The value of caregiver support groups
Remember that old adage, "trouble shared is trouble halved"? A caregiver support group is one way to share your troubles. Seek out people who are going through the same experiences that you are living each day. If you can't leave the house, many Internet services are available.
In most support groups, you'll talk about your problems and listen to others talk; you'll not only get help, but you'll be able to help others, too. Most important, you'll find out that you're not alone.You’ll feel better knowing that other people are in the same situation, and their knowledge can be invaluable, especially if they’re dealing with the same illness you are.
Types of Caregiver Support Groups
Community support groups for caregivers:
People live near each other and meet in a given place each week or month.
You get face-to-face contact and a chance to make new friends who live near you.
The meetings get you out of the house, get you moving provide a social outlet, and reduce feelings of isolation.
Meetings are at a set time. You will need to attend them regularly to get the full benefit of the group.
Since the people in the support group are from your area, they'll be more familiar with local resources and issues.
Internet support groups for caregivers:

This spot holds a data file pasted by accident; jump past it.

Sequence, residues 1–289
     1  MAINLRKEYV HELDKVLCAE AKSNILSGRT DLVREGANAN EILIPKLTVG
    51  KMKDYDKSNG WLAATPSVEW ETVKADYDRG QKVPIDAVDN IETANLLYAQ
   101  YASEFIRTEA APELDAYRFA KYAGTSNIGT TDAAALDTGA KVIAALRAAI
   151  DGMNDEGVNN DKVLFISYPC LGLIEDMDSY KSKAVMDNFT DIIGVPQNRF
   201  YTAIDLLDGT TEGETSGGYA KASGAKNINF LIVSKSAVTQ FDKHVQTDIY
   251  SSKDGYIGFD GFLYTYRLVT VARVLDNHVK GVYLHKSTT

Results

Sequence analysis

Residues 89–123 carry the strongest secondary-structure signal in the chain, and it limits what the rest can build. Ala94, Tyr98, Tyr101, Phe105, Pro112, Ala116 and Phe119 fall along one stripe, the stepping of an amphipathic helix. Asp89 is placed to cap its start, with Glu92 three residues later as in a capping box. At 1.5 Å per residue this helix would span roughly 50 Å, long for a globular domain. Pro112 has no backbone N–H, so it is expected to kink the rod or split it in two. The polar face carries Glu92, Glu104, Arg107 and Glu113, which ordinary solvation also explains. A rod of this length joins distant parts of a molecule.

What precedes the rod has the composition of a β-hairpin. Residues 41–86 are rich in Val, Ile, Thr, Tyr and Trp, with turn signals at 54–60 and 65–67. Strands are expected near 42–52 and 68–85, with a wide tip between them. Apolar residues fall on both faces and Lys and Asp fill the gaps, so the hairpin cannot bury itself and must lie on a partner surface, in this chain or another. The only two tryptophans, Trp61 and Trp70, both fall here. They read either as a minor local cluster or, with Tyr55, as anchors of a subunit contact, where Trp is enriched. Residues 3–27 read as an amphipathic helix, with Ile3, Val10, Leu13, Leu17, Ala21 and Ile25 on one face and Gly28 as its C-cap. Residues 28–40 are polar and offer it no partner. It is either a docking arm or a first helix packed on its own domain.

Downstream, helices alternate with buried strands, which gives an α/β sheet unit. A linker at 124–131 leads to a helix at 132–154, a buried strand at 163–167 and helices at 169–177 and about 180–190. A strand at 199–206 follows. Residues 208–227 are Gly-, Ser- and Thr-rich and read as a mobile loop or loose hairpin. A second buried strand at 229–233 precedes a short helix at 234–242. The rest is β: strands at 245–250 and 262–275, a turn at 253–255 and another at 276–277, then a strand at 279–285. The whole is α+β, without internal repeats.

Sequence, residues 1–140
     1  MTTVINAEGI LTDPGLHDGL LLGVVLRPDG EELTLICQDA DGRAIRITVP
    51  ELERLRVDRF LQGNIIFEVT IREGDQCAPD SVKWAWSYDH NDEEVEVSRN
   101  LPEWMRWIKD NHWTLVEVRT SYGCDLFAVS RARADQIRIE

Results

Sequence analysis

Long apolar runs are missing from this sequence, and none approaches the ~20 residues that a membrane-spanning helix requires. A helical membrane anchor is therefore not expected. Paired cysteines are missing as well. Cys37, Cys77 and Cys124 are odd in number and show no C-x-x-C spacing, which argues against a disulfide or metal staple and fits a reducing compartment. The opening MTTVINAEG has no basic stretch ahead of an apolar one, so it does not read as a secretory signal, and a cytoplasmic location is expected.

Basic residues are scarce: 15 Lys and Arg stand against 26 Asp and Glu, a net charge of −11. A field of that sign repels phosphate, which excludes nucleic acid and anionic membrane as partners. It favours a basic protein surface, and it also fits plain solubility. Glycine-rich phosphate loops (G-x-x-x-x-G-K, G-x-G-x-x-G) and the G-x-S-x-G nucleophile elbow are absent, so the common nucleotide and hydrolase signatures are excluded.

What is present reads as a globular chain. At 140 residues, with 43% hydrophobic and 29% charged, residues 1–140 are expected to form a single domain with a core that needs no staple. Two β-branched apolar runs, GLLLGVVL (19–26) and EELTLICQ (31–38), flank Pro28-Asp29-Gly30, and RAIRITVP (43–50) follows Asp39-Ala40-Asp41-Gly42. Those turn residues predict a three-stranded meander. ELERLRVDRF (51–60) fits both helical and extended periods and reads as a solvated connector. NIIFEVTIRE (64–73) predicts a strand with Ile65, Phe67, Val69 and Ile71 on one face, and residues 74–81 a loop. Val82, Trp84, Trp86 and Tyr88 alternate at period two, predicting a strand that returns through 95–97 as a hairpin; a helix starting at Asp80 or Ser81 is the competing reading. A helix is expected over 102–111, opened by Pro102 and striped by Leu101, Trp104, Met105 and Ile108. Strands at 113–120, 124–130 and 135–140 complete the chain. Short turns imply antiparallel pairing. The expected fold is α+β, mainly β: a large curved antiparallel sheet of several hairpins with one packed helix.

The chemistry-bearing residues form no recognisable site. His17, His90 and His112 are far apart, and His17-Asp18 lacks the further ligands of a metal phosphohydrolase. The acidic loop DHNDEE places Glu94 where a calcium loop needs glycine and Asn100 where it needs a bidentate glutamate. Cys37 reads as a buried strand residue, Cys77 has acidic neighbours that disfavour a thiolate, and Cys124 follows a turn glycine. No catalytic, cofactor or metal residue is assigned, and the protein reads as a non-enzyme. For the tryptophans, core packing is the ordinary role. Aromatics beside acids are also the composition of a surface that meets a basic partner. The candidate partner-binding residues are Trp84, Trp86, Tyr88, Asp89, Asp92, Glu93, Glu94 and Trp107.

People are from all over the world and have similar interests or problems.
You meet online, through email lists, websites, message boards, or chat rooms.
You can get support without leaving your house, which is good for people with limited mobility or transportation problems.
You can access the group whenever it's convenient for you or when you need help most.
If your problem is very unusual – a rare disease, for example – there may not be enough people for a local group, but there will always be enough people online.
To find a community support group, check the yellow pages, ask your doctor or hospital, or call a local organization that deals with the health problem you would like to address in a support group. To find an Internet support group, visit the website of an organization dedicated to the problem or do a web search on the name of the problem.
Melinda Smith, M.A. and Gina Kemp, M.A., contributed to this article